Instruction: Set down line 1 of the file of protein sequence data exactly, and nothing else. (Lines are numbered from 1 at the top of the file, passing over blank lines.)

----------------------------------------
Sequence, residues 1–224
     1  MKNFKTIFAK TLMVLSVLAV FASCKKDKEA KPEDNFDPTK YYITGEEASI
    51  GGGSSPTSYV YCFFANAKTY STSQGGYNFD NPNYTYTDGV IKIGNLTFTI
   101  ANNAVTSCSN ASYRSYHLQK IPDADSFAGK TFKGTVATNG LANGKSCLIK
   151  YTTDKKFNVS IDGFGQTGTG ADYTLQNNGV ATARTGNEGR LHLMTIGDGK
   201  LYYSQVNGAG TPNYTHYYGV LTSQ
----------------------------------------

Sequence, residues 1–224